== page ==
How To Travel By Train In The Netherlands

In almost all the trains there is a toilet (which is usually also very gross, so try not to use it), except in the so-called ‘Sprinters’. If you find yourself in need of a restroom while riding one of these you’re out of luck…

How To Travel By Train In The Netherlands
A Sprinter train. No bathroom on board… Though the newer versions of this train do have a toilet because of the massive amounts of complaints the NS got from travelers 😉

We Dutch people love complaining, and we sure complain a lot about the NS. Which isn’t always fair because as I mentioned, the Dutch rail system is one of the busiest in the world and according to the latest statistics 95% of the train are on time. But every now and than you may find yourself in the situation where the train is delayed. You’ll see this on the information displays, like in the picture below.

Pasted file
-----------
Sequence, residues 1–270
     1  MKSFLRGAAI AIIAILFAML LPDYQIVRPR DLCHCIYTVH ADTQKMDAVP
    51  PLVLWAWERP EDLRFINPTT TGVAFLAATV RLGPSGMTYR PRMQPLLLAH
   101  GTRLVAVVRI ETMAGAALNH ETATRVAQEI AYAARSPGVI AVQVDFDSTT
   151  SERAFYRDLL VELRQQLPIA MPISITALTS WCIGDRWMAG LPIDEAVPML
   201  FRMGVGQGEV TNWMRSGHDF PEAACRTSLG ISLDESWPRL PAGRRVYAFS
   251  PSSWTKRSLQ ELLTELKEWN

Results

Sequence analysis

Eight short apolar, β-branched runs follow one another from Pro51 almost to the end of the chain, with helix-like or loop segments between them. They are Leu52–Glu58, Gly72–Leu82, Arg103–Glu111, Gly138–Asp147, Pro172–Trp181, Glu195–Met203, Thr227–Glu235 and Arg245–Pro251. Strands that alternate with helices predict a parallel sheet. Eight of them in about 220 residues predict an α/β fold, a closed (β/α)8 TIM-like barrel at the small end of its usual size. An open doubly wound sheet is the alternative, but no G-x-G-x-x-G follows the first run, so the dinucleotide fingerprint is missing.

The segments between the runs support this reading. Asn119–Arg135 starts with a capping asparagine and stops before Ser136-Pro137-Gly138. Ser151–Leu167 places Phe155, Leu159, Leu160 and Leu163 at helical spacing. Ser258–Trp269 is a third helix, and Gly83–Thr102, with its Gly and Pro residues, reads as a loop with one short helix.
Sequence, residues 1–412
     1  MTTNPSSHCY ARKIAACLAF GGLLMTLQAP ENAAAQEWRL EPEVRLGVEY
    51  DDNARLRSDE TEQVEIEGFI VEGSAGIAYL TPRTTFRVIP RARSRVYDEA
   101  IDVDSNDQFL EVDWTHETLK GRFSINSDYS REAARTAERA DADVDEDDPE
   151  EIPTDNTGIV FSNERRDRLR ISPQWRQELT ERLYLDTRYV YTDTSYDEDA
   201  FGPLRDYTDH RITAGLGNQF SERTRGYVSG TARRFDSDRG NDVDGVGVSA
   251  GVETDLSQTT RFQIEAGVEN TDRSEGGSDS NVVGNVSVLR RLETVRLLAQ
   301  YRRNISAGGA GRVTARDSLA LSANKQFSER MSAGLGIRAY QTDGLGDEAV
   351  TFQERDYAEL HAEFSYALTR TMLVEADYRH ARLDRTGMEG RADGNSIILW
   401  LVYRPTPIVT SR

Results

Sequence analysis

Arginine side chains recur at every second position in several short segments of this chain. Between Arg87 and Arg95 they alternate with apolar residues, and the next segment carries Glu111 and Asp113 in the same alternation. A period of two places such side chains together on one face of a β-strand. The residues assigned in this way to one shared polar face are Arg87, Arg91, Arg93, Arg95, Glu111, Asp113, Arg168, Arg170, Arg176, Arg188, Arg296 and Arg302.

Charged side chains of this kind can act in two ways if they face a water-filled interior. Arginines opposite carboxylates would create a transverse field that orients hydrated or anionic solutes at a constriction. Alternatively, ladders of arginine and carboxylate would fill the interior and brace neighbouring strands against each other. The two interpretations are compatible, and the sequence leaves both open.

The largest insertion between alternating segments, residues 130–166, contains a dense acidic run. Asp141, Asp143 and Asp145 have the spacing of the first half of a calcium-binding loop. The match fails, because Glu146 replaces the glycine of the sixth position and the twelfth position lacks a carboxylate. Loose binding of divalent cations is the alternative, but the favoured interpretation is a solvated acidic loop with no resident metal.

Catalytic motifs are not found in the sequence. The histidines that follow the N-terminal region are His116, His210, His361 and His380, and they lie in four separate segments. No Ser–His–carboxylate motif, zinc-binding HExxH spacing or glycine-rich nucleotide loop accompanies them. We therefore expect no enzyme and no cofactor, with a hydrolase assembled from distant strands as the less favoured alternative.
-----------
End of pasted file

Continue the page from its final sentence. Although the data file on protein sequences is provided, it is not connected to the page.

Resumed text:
Train Travel In The Netherlands Explained

In general, if you hear or read the word ‘Vertraging’ (which is Dutch for delay), you know you’ll be waiting a little while…

4. A little less important but still good to know about train travel in the Netherlands…

If you are traveling in rush hour, you may be a little shocked by the non existing queuing skills of Dutch people.

It never really struck me as strange that the Dutch way of entering a train is to push as hard as you can to secure yourself a seat. Even if that means that people getting out of the train are having an impossible time to do so.

But after living in London for 4 months, I realized this behavior is actually quite strange. Some might even call it rude.

How To Travel By Train In The Netherlands

The British on the other hand have practically invented queuing, when I was queuing for a day ticket for Wimbledon I received a 25 page booklet titled ‘The Guide To Queuing’. LOL! Anyway, if you are traveling by train in the Netherlands, apologies for our non-existent queuing behavior, it’s just not our thing.